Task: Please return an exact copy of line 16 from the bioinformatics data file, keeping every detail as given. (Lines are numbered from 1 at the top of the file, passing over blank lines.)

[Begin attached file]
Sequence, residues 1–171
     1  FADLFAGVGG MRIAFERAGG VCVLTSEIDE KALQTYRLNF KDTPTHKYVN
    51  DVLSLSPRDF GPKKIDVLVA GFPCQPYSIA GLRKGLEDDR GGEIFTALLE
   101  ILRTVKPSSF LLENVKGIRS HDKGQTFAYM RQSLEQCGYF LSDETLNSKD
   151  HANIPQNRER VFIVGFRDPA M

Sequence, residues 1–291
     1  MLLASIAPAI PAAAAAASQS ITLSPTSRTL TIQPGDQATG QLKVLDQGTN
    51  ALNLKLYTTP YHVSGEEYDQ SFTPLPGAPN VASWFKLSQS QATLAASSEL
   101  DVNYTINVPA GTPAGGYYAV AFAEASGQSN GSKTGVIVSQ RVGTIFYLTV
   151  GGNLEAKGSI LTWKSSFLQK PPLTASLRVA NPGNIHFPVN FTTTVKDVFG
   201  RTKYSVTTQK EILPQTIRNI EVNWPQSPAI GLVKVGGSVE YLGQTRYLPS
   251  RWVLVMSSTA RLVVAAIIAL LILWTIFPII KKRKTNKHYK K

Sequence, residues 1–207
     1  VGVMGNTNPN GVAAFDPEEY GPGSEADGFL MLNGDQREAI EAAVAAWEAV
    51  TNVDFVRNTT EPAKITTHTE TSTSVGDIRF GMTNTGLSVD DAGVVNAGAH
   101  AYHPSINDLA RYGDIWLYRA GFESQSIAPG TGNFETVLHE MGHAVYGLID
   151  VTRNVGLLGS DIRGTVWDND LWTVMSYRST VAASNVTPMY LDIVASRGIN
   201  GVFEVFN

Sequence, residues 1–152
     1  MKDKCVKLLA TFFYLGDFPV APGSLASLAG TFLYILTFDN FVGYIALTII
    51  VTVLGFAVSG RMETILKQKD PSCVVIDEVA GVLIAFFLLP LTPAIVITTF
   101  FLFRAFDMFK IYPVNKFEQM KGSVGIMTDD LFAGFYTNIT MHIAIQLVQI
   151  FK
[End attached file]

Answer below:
   101  AYHPSINDLA RYGDIWLYRA GFESQSIAPG TGNFETVLHE MGHAVYGLID